West Bakersfield Interchange

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West Bakersfield Interchange
West Bakersfield Interchange Under Construction.jpg
The ramp from northbound SR 99 to westbound SR 58 under construction, June 2022
Bakersfield, California
Coordinates35°21′10″N 119°2′22″W / 35.35278°N 119.03944°W / 35.35278; -119.03944
Roads at
SR 58 (Mojave Freeway)
SR 99 (Golden State Freeway)
TypeThree level stack interchange
Lanes4 (Mojave Freeway),
8 (Golden State Freeway)
Opened1976 (1976)
Maintained byCaltrans

The West Bakersfield Interchange is a freeway interchange in Bakersfield, California, west of downtown. It connects State Route 99 (Golden State Freeway) with SR 58 (Mojave Freeway). These routes represent the heart of the Bakersfield freeway network. They connect the city with commercial centers in the San Joaquin Valley, ports in Los Angeles, and major Interstate freeways serving southern and eastern America.

The original interchange plan was more elaborate. Five freeway segments (three signed routes) would connect through a series of three interchanges, forming a triangle. Those routes were SR 99 (Golden State Freeway), SR 58 (Mojave Freeway/Westside Parkway), and SR 178 (Crosstown Freeway). However, only three segments and part of one interchange were constructed. Currently, SR 178 terminates about 1.5 miles (2.4 km) east of the interchange. In addition, the eastern terminus of the Westside Parkway (a future section of SR 58) is about one mile (1.6 km) west of the interchange. However, the Westside Parkway will soon connect with the interchange once construction is completed in fall 2022.

Since the interchange is being designed relatively late, compared to other major California freeway interchanges, several design elements are incorporated to help alleviate traffic. Unlike the East Los Angeles and Orange Crush interchanges, the three Kern County interchanges will be widely spaced (between 1 and 2 miles (1.6 and 3.2 km)) from one another. Also, local interchanges within one mile (1.6 km) of it will transition onto their own parallel roads, and merge with the mainline after the main interchange.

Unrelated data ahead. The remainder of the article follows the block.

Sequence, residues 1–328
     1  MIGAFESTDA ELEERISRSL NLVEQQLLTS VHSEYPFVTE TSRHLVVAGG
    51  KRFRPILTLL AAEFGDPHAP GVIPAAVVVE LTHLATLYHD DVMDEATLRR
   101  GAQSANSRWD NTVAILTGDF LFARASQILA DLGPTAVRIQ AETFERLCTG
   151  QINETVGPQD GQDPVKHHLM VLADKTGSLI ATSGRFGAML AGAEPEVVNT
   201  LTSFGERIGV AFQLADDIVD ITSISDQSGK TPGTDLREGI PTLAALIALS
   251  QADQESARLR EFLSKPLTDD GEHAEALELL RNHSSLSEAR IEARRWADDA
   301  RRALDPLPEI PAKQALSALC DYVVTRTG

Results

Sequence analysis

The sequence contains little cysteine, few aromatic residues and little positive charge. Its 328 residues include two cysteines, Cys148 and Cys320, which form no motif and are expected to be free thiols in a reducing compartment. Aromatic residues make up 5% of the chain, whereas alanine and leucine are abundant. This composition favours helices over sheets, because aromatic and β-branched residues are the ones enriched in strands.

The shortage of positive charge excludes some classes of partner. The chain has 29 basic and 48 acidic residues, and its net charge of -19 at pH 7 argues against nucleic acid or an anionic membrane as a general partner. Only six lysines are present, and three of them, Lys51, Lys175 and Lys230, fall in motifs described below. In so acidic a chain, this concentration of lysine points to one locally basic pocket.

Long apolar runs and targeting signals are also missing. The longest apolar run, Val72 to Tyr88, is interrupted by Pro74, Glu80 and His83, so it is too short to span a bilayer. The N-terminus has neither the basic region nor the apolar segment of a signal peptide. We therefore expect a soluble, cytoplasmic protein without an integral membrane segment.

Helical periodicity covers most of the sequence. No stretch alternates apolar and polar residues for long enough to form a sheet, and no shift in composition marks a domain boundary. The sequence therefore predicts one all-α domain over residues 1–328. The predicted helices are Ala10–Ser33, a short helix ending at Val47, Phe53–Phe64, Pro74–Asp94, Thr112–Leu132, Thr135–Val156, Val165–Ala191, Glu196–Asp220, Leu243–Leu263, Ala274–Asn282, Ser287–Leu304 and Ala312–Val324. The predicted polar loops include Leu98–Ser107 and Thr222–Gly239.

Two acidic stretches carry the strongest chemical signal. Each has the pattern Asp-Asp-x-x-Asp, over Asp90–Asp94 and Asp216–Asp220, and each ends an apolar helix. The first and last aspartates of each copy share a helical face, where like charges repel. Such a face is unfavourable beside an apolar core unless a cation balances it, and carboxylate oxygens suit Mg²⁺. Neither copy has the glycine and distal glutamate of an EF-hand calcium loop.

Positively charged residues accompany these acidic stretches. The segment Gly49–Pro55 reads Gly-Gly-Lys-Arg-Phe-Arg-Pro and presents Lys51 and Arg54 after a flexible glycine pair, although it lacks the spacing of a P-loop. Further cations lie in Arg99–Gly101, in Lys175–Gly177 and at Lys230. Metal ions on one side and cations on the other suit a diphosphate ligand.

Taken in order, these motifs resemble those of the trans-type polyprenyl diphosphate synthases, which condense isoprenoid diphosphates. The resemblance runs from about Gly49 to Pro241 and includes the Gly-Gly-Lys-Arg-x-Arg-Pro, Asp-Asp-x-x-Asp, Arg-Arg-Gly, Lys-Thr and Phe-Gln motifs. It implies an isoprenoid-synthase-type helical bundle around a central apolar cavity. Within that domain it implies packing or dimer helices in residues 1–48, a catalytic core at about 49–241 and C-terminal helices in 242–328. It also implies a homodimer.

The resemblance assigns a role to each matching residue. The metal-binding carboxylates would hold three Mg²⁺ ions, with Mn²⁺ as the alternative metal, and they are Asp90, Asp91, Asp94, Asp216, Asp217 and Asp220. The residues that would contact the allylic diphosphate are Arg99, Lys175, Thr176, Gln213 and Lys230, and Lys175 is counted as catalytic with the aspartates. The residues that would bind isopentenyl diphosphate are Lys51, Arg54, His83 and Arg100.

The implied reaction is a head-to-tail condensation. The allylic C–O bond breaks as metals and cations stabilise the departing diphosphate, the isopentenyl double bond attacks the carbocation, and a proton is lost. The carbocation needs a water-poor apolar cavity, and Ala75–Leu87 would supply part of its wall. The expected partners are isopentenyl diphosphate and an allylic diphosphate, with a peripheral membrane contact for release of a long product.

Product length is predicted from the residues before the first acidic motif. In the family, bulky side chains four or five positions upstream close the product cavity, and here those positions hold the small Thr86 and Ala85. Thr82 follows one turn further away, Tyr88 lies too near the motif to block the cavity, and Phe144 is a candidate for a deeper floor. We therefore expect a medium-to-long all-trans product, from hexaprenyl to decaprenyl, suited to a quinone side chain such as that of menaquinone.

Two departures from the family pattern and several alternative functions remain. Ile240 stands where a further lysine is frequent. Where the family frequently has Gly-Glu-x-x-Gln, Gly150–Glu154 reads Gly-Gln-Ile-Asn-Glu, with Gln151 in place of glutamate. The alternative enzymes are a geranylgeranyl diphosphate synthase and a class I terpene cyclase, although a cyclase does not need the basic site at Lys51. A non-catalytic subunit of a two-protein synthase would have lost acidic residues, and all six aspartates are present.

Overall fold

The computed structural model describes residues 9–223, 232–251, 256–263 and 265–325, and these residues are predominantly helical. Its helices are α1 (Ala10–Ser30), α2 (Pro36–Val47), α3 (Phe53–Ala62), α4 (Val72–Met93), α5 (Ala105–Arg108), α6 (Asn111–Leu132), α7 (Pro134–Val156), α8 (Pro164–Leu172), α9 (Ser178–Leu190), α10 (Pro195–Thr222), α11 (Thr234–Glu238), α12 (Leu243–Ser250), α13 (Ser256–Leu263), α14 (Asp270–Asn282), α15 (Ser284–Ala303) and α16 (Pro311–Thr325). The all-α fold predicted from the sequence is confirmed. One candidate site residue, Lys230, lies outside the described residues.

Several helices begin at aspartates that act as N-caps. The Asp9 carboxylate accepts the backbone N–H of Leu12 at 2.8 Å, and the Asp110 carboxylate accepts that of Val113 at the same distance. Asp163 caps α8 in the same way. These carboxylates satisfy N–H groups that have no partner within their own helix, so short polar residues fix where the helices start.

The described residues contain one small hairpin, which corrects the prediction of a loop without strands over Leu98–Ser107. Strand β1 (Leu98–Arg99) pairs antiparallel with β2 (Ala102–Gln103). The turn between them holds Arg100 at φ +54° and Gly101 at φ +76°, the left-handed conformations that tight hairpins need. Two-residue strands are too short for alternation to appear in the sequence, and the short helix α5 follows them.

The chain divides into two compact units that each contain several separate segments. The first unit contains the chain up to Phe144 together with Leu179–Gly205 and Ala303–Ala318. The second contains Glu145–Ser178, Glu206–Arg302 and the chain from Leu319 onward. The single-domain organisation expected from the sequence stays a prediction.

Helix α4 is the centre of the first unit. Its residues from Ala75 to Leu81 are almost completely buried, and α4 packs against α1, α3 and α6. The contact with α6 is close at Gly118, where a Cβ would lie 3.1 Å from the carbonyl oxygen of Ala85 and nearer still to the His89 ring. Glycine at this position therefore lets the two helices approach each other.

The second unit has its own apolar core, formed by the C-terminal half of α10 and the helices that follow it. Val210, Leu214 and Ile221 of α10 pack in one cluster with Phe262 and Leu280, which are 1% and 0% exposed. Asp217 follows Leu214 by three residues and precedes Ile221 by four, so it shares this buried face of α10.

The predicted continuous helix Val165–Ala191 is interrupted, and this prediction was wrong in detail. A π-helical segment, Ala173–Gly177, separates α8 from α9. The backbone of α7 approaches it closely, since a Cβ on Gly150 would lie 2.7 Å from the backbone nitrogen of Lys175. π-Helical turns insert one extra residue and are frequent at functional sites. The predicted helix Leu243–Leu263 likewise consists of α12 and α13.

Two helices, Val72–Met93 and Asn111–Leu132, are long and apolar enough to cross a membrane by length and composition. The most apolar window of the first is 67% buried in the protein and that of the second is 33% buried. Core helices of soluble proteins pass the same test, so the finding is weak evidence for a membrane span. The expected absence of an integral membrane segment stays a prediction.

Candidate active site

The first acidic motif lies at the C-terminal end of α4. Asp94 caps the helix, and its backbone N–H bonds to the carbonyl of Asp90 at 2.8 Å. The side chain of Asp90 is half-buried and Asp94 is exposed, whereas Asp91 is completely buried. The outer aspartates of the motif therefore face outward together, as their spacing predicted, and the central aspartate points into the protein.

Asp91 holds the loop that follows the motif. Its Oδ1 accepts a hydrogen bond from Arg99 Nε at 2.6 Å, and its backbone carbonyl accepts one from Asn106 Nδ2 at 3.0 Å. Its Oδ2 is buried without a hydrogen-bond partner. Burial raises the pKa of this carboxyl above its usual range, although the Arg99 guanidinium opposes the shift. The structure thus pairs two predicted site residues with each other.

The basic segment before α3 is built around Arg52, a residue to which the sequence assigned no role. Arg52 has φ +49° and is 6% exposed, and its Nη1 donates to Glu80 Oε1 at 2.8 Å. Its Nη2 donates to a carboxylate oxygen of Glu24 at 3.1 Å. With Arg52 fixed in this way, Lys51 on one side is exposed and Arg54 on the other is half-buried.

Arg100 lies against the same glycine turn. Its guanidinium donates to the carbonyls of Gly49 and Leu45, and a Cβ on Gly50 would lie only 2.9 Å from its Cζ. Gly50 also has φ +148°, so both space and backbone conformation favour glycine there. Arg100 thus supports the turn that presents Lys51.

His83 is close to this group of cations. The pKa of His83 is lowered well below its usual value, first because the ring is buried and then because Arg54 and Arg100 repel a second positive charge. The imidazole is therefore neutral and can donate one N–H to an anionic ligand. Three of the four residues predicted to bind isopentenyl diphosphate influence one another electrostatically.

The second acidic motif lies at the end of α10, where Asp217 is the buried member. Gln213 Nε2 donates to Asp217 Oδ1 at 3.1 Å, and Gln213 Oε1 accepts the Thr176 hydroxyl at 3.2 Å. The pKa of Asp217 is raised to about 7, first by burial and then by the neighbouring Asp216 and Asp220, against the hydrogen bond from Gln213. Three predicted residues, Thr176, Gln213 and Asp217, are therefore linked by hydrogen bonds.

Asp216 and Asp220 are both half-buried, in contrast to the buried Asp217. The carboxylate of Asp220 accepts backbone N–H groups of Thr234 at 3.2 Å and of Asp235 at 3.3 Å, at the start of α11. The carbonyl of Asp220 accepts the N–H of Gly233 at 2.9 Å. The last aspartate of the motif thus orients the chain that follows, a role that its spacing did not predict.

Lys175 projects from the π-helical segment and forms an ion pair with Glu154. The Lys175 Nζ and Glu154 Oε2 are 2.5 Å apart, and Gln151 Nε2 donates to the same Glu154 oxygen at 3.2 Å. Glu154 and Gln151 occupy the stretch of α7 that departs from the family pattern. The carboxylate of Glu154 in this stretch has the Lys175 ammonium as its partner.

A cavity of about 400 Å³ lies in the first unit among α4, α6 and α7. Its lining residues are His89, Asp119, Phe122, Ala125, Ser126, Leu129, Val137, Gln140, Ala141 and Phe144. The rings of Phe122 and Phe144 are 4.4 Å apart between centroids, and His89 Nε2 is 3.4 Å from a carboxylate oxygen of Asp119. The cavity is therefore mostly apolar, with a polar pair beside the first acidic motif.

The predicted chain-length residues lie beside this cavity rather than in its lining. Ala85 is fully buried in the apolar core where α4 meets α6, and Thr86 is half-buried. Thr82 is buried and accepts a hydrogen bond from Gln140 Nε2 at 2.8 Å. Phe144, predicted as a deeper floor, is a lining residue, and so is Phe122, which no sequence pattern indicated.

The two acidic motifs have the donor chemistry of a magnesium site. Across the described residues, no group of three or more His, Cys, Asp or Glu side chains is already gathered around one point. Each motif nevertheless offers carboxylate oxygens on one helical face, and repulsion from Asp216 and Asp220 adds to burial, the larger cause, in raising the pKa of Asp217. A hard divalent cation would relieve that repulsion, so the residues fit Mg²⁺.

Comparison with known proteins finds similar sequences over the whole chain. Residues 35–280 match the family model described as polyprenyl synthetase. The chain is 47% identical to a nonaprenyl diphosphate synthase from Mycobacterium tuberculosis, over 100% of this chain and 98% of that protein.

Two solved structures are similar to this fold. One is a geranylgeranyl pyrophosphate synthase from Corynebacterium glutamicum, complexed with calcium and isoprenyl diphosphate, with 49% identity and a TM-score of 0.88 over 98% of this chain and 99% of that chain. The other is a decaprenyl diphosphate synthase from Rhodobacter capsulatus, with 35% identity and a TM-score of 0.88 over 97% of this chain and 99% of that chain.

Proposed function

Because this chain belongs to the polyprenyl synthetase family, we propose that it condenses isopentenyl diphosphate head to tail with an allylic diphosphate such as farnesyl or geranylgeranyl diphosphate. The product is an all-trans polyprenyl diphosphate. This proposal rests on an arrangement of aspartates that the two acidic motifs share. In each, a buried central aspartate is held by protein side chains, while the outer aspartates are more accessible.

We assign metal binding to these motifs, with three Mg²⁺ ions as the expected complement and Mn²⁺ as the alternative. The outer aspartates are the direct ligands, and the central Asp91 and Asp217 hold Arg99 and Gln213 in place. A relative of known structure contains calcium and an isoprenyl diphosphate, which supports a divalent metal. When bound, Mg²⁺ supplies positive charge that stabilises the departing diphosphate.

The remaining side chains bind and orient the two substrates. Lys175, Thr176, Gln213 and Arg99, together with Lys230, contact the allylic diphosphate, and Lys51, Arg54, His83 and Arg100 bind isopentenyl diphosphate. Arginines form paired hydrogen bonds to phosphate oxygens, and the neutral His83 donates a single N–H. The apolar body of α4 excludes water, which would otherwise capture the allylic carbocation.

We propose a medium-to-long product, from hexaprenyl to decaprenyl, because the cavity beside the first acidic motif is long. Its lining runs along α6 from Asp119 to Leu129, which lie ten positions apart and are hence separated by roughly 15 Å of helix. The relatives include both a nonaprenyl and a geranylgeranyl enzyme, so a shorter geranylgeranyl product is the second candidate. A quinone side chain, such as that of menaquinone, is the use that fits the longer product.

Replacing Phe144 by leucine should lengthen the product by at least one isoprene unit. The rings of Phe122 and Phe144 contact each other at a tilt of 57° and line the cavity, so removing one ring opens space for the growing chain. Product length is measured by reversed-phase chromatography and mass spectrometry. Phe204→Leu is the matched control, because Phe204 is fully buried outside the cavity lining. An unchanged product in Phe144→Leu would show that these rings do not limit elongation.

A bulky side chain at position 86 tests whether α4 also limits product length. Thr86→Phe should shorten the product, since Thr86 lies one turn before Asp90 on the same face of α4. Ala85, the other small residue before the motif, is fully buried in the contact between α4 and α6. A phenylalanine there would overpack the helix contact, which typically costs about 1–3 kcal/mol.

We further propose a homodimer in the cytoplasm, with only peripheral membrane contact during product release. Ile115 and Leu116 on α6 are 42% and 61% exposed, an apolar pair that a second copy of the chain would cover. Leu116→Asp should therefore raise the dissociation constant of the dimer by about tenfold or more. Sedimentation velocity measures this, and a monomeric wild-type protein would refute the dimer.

The western extension as well as the northern leg of the interchange were not constructed. It was delayed first by a four-year freeway construction moratorium imposed by Governor Jerry Brown (1977–81) and was followed by 25 years of opposition from the City of Bakersfield (1980–2005).[1][2]

In 2005, federal money was secured for the construction of several projects in the Bakersfield area,[3] including construction of the southern leg of the interchange, connecting the Mojave Freeway to the Westside Parkway. This will also complete construction of the existing interchange, and provide improvements which will be incorporated into the future construction of the other two interchanges. The city would also drop its opposition to the project, with the city council voting to give Caltrans full control over it.[2] The city would retain control over the construction of the Westside Parkway.[4]


Efforts are currently underway for the construction of the southern leg, as well as finishing the existing interchange. In 2005, $330 million was secured through the Safe, Accountable, Flexible, Efficient Transportation Equity Act: A Legacy for Users (SAFETEA-LU) for the construction of the Centennial Corridor. The southern leg of the interchange is a part phase 3 of that project.[5] However, the project was controversial since it displaced dozens of homes and businesses.[6]

The project is expected to be completed in fall 2022,[7] but will not include ramps for southbound SR 99 traffic to directly transition to westbound SR 58, or eastbound SR 58 traffic to transition to northbound SR 99. These ramps would be a part of the SR 99/178 interchange, if constructed.[8]

See also


  1. ^ Cristiano, Robert (March 6, 2010). "The Failed State of California: The Changing Landscape of America". NewGeography. Retrieved March 6, 2012.
  2. ^ a b Gaspar, Jose (March 4, 2008). "Centennial Corridor project has Westpark neighbors questioning city leaders". Bakersfield Now. Retrieved March 6, 2012.
  3. ^ "Bakersfield Freeways | Bakersfield, CA - Official Website". www.bakersfieldcity.us. Retrieved 2021-04-24.
  4. ^ Staff. "Westside Parkway". Thomas Roads Improvement Program. City of Bakersfield. Retrieved March 6, 2012.
  5. ^ "Centennial Corridor | Bakersfield, CA - Official Website". www.bakersfieldcity.us. Retrieved 2021-04-24.
  6. ^ "Caltrans Picks Preferred Route For Centennial Corridor Freeway in Bakersfield". Valley Public Radio. November 15, 2012. Retrieved September 8, 2013.
  7. ^ MORGEN, SAM. "Progress reported for Centennial Corridor, but much remains to be done". The Bakersfield Californian. Retrieved 2021-04-24.
  8. ^ District 6 staff. "Centennial Corridor Project Alternatives". California Department of Transportation. Retrieved March 6, 2012.{{cite web}}: CS1 maint: numeric names: authors list (link)

External links